In Understanding Comics by Scott McCloud, one of the key concepts is the notion that the further a character is abstracted from reality, into the cartoon form, the easier it is for anybody to graft themselves onto that character. In other words, the less specific physical identifiers a character has that can be attributed to a particular race, ethnicity, age, gender, etc., the more any given person can imagine themselves in the character.
Considering media representation in relation to this concept, one might ponder whether race, gender identity, etc., play a significant role in which characters we like.
But I don’t think “liking” the characters is what representation is about, not really. I, like many, many other people, have been thinking a lot about representation of minority groups in popular culture, and just representation of groups in general, over the past several years. It seems there’s a new “controversy” every couple of weeks over the race, gender identity, or sexual orientation of an actor or character. The ideas brought up in class today made me think quite a bit, so I wrote about it.
As a touchstone for my thoughts, we’re going to be talking about the film Spider-Man: Into the Spider-Verse. Directed by Bob Persichetti, Peter Ramsey, and Rodney Rothman, and written by Rothman and Phil Lord, the animated 2019 film from Sony Pictures Animation follows a middle-school kid from Brooklyn, Miles Morales; Miles is bitten by a radioactive spider, and is entrusted by a dying Peter Parker (alias the superhero Spider-Man) with a key to destroying a particle collider which has the potential to destroy New York City… in fact, an untold number of New York Cities across every dimension.
Why does Spider-Verse matter? Spider-Man is one of the most popular and profitable comic book characters of all time. Just within the three decades I’ve been around, he has starred in thousands of comic books, at least five animated television series, at least a dozen videogames, seven headlining live-action films, two co-starring live-action films (including the highest-grossing film of all time, Avengers: Endgame), and Into the Spider-Verse, the first theatrically released animated Spidey flick.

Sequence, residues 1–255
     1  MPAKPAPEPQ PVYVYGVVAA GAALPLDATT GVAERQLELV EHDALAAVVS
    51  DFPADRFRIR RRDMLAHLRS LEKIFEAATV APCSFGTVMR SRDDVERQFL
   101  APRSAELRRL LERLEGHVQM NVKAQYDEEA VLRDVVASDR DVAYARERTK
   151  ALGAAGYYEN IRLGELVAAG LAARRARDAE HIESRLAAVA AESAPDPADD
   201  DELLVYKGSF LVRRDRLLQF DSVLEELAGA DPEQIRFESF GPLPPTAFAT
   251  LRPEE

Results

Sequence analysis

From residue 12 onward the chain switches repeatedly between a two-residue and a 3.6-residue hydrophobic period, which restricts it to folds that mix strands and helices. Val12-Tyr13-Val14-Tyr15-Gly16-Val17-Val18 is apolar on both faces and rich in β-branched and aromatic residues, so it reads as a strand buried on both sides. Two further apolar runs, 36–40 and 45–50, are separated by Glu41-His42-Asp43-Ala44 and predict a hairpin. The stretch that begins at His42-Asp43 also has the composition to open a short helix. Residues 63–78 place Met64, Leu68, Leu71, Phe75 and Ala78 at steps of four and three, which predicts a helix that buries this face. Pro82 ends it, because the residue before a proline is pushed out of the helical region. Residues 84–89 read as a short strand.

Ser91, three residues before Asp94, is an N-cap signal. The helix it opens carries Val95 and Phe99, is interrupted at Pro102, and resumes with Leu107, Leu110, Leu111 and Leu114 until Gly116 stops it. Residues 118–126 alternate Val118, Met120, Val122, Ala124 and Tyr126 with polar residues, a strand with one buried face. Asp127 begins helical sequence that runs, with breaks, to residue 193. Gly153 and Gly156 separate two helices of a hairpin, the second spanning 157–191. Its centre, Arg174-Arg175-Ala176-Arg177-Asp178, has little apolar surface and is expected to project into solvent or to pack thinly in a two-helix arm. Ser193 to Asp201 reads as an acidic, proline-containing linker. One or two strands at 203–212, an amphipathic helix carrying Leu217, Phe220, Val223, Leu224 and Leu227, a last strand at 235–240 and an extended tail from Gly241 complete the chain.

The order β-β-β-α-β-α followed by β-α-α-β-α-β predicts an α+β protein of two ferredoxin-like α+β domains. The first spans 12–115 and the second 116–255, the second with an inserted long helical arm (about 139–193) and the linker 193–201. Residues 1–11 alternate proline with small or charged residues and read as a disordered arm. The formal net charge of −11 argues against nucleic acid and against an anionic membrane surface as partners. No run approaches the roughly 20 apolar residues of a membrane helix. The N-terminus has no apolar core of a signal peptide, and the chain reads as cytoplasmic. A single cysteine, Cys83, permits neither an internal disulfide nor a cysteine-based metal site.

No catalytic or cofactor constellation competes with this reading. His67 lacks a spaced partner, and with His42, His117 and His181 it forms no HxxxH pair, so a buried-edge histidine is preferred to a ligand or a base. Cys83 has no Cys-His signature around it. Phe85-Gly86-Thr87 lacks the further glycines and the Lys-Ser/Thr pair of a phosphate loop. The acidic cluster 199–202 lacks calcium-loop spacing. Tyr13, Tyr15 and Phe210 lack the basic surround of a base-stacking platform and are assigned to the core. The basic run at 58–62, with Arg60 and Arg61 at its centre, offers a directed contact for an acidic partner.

That is a LOT of exposure. I can’t imagine there are very many people who aren’t at least cursorily familiar with the character.
Most people are going to be most familiar with the film versions of Spider-Man (or any other character), and in every film save Spider-Verse, the version of Spider-Man portrayed is Peter Parker, the first character to take on the alter-ego way back in 1962 in the pages of Amazing Fantasy. Peter Parker is a white male, orphaned and adopted by his aunt and uncle, and raised in a Christian household in Queens, New York. He is almost always struggling financially, if not outright broke, and is usually fairly unpopular, and unlucky in work, love, and life in general. From the beginning, his crusade against crime in New York City has been about responsibility—selfishly passing up the opportunity to stop a thief, Peter inadvertently lets walk free the man who would go on to kill his uncle, Ben Parker, so he vows to use his incredible superpowers for the greater good, to prevent further tragedies such as the one which befell him and his aunt.
All of this is to say that Peter is widely accepted as one of the most relatable comic book heroes for his down-to-earth motivations, and workaday problems (money, romance, etc.). Indeed, part of the reason creators Stan Lee and Steve Ditko elected to entirely cover Peter Parker’s face when in costume as Spider-Man was so that any reader, of any age, gender, race, or ethnicity might imagine themselves under the mask.
And that’s wonderful…
… but Miles Morales makes it truly resonate. How much does “anybody could be behind that mask!” mean when the overwhelming majority of costumed heroes are white males? Lee and Ditko’s intentions were good, but intentions are only part of the equation.